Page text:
ZC: Back in the 90’s, you played with Oteil Burbridge a lot, which I feel like a lot of people would never know that. You just came out with Brothers, with your brother Neal (Evans), and Oteil and Kofi (Burbridge). What’s it like working with them?
AE: So Oteil and I met way back in the day with my old band Moon Boot Lover. We met in like, ’93 or ’94 when he was playing with Aquarium Rescue Unit, we used to do a bunch of shows together. We talked about actually doing something, the four of us, but its just tough. Oteil and Kofi, they’re just special dudes. you know, its crazy, when the four of us play together, its hard to describe. Because you know, Neil and I have always had like this, telepathy type s***, but with them it’s the same thing! Like we all know where each other is gonna go, and it’s just really special. They’re just the nicest people, really in tune with, just, something else.
ZC: You’ve worked with so many people over the years. I mean, the list is never-ending. Is there anyone you wish you could work with, either A) you never got to, or B) Never could get around to?
AE: Those are always hard for me to answer, because I always find that the unexpected sit-ins or, whatever you want to call them, connections that are made, are always the best. They’re organic… but with that said, years ago we got invited to play a party at Paisley Park. Prince wanted us to come play—like some friends of ours had done it before and we were all gonna go. He had these parties, a couple a year maybe, and we just thought it was going to be amazing. And, for whatever reason, he ended up having to cancel the party, and we were saying “well, that sucks but I’m sure we’ll connect at some point,” but it never happened. And Pete Shapiro (Brooklyn Bowl) was always saying we should get Prince for Bowlive. And that really would’ve been pretty special. It could’ve gone either way… That’s definitely one cat that I would’ve loved to be around just for even ten minutes just to soak up that kind of energy.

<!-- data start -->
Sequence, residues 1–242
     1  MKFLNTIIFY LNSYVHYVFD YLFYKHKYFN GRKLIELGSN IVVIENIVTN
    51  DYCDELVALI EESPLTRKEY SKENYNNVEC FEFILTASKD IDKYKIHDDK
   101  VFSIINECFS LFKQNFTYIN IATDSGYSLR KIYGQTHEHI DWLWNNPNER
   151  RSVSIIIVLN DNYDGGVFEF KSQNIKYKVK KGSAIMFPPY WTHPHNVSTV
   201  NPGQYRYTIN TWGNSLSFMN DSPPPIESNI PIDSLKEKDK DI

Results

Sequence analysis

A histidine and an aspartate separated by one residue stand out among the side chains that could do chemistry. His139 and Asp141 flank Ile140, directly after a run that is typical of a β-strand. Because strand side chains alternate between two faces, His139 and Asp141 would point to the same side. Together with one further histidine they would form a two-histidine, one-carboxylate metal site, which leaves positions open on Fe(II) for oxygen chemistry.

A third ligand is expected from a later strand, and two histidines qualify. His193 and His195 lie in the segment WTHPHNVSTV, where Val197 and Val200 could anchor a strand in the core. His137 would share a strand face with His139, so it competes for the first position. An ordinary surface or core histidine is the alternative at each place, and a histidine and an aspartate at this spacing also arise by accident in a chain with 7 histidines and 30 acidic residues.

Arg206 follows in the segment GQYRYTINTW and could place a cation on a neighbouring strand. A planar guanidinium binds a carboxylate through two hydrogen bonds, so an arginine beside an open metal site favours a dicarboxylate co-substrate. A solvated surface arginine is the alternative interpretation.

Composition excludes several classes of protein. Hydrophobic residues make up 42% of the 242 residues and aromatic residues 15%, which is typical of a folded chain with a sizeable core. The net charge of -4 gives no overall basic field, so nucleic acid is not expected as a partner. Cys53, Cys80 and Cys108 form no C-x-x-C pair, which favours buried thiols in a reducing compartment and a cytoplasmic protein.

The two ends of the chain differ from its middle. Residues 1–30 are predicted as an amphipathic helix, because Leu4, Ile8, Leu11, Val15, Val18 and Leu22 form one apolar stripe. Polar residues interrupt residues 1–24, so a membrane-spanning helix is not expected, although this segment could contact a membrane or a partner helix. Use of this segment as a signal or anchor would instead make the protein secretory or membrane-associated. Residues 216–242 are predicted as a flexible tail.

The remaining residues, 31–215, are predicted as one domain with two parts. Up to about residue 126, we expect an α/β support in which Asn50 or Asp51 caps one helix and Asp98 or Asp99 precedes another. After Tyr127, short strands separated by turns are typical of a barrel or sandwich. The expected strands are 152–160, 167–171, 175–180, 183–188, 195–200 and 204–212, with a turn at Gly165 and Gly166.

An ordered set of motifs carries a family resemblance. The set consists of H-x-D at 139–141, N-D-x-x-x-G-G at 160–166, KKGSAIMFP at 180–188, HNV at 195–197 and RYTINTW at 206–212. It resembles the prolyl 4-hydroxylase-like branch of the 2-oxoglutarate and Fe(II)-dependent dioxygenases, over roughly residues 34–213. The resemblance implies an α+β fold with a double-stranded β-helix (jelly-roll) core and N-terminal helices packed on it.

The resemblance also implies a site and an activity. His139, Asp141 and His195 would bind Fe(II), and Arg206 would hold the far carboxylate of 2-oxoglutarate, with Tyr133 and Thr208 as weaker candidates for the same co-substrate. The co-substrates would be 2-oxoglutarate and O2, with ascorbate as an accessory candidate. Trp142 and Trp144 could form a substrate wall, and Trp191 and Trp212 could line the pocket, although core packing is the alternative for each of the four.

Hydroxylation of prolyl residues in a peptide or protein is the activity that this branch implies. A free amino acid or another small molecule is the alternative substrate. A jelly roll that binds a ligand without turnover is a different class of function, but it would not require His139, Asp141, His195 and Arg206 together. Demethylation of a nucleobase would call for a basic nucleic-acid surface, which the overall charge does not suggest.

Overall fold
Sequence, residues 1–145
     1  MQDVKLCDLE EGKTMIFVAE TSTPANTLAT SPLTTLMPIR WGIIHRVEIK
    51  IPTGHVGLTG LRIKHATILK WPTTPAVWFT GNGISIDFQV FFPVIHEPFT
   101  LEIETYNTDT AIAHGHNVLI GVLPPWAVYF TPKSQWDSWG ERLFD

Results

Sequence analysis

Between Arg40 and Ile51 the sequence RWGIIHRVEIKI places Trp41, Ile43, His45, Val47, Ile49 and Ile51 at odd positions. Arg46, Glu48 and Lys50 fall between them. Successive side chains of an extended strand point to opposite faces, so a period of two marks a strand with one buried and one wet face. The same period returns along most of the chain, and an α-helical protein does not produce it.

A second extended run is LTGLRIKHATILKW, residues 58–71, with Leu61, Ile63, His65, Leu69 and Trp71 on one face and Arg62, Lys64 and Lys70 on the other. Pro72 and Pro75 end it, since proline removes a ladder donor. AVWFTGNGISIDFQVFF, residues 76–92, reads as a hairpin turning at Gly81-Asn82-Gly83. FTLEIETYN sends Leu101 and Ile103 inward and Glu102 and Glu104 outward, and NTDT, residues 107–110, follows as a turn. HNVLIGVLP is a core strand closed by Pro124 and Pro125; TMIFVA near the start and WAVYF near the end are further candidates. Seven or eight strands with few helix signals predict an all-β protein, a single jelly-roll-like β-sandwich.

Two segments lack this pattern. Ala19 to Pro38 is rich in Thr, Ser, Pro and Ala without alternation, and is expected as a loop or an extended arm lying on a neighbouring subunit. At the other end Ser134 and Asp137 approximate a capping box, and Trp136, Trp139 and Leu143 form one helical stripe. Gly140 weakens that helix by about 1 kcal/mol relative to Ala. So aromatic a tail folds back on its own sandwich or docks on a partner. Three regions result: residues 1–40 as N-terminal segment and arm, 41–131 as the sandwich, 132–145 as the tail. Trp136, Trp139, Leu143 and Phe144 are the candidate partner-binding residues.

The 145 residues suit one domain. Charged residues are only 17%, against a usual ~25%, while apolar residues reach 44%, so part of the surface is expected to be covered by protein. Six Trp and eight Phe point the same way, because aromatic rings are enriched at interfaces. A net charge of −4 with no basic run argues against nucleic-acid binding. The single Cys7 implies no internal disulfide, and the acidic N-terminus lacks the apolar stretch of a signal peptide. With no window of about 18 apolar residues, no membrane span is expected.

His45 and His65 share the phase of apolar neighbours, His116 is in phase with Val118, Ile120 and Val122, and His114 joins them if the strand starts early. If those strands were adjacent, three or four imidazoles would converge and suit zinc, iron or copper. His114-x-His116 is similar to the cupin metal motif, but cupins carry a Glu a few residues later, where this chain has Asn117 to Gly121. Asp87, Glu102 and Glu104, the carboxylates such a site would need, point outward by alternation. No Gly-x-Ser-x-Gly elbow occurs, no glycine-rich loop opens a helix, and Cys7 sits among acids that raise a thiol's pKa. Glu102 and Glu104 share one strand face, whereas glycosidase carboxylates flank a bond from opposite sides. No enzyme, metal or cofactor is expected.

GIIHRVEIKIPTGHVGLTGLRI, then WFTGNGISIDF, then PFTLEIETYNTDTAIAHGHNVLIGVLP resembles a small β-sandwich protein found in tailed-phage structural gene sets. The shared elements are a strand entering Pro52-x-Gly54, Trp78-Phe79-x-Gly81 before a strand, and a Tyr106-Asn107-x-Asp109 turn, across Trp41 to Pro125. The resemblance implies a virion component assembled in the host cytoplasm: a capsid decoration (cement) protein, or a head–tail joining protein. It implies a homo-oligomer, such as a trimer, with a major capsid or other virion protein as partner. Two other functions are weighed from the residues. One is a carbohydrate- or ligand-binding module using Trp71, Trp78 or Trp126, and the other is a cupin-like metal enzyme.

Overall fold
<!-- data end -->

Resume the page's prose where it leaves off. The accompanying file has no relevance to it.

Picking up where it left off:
AE: Like, Stevie Wonder sat in with us years ago. It was the end of the show and we left the stage and someone said “Stevie wants to come sit in” and I had no idea he was even at the show [Laughter]… so he comes out and Stevie is in between me and Kraz. And dude, that was the first time I’ve ever seen him live, and it was just crazy… He came out, played harmonica and just killed it. And then was feeling good and started singing, I mean he was right next to me. And to just see him—not just hear him but to see him sing. I mean he used his entire body, down to his toes. It was crazy man, crazy. I remember [Ryan] Zoidis and I went across the street to this party, and his whole vibe was all over us. It was the craziest thing. It was just this cosmic, like, aura and it rubbed off on us for a little bit.
But to answer your question, Prince.
ZC: What are you looking forward to, going into 2018?
AE: Definitely the release of the Matador Soul Sounds album. We put out this little single, two songs or something. The full album is coming out, I’m doing some touring with that, and then obviously, the new Soulive thing, because it’s been a long time.
ZC: I was gonna say, looking through, I know you took a year off for Bowlive, and came back this year, and everyone was like, what was that? Are you done? Everyone had faith but, your last album was 2012?
AE: Yeah that sounds about right… we’re definitely not trying to push Soulive too much, cause we’ve been playing these tunes for a long time. We wanted to have some new s***, some new stuff to talk about. So we were just chillin’ until it came out… and all of a sudden it was like, man, we need to put something out, cause we just went to Japan, and we had a great time there… so finally we’re gonna get together and record.
Evans is a true pioneer of the industry. He really does it all and has an influence in so many bands, and genres. Later this month Soulive will be coming to Iron Wax to start fresh on a few new tracks for the world, and Evans was gracious enough to let us return to document the occasion. This will be an inside look at how the band writes and interacts with each other, something that fans rarely get to witness.
Stay tuned for more from “Behind the Iron Wax Curtain.”